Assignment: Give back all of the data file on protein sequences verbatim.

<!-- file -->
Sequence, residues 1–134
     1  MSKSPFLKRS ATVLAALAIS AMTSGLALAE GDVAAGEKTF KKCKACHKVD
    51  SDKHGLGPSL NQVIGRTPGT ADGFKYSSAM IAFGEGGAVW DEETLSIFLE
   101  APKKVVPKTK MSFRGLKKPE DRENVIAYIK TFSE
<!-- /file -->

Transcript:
Sequence, residues 1–134
     1  MSKSPFLKRS ATVLAALAIS AMTSGLALAE GDVAAGEKTF KKCKACHKVD
    51  SDKHGLGPSL NQVIGRTPGT ADGFKYSSAM IAFGEGGAVW DEETLSIFLE
   101  APKKVVPKTK MSFRGLKKPE DRENVIAYIK TFSE